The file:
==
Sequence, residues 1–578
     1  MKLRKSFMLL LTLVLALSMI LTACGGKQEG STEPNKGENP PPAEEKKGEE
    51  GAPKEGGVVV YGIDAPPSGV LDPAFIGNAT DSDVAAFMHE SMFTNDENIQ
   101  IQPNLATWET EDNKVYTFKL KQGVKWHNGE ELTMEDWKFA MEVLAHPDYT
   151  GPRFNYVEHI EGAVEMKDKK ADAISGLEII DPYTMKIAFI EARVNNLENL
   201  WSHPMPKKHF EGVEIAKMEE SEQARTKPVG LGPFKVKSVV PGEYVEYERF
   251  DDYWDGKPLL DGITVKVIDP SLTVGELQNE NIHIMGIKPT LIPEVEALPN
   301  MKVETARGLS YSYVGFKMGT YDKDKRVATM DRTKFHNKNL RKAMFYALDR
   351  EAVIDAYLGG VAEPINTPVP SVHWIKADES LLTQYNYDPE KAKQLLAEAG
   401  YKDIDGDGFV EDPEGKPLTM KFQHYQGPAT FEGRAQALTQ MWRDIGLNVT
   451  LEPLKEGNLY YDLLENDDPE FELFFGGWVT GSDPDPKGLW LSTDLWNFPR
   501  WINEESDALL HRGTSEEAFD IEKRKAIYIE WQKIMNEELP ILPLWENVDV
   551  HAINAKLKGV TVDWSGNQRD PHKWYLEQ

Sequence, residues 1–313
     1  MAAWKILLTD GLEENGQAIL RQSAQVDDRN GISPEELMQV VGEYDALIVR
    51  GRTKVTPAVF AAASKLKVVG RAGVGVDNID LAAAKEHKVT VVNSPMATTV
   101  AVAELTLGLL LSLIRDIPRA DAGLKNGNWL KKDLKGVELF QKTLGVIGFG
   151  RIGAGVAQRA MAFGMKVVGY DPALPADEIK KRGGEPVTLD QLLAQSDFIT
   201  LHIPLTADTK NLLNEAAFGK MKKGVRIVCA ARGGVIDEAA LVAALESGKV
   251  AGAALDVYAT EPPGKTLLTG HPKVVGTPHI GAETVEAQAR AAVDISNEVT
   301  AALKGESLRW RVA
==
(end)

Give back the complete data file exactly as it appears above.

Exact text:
Sequence, residues 1–578
     1  MKLRKSFMLL LTLVLALSMI LTACGGKQEG STEPNKGENP PPAEEKKGEE
    51  GAPKEGGVVV YGIDAPPSGV LDPAFIGNAT DSDVAAFMHE SMFTNDENIQ
   101  IQPNLATWET EDNKVYTFKL KQGVKWHNGE ELTMEDWKFA MEVLAHPDYT
   151  GPRFNYVEHI EGAVEMKDKK ADAISGLEII DPYTMKIAFI EARVNNLENL
   201  WSHPMPKKHF EGVEIAKMEE SEQARTKPVG LGPFKVKSVV PGEYVEYERF
   251  DDYWDGKPLL DGITVKVIDP SLTVGELQNE NIHIMGIKPT LIPEVEALPN
   301  MKVETARGLS YSYVGFKMGT YDKDKRVATM DRTKFHNKNL RKAMFYALDR
   351  EAVIDAYLGG VAEPINTPVP SVHWIKADES LLTQYNYDPE KAKQLLAEAG
   401  YKDIDGDGFV EDPEGKPLTM KFQHYQGPAT FEGRAQALTQ MWRDIGLNVT
   451  LEPLKEGNLY YDLLENDDPE FELFFGGWVT GSDPDPKGLW LSTDLWNFPR
   501  WINEESDALL HRGTSEEAFD IEKRKAIYIE WQKIMNEELP ILPLWENVDV
   551  HAINAKLKGV TVDWSGNQRD PHKWYLEQ

Sequence, residues 1–313
     1  MAAWKILLTD GLEENGQAIL RQSAQVDDRN GISPEELMQV VGEYDALIVR
    51  GRTKVTPAVF AAASKLKVVG RAGVGVDNID LAAAKEHKVT VVNSPMATTV
   101  AVAELTLGLL LSLIRDIPRA DAGLKNGNWL KKDLKGVELF QKTLGVIGFG
   151  RIGAGVAQRA MAFGMKVVGY DPALPADEIK KRGGEPVTLD QLLAQSDFIT
   201  LHIPLTADTK NLLNEAAFGK MKKGVRIVCA ARGGVIDEAA LVAALESGKV
   251  AGAALDVYAT EPPGKTLLTG HPKVVGTPHI GAETVEAQAR AAVDISNEVT
   301  AALKGESLRW RVA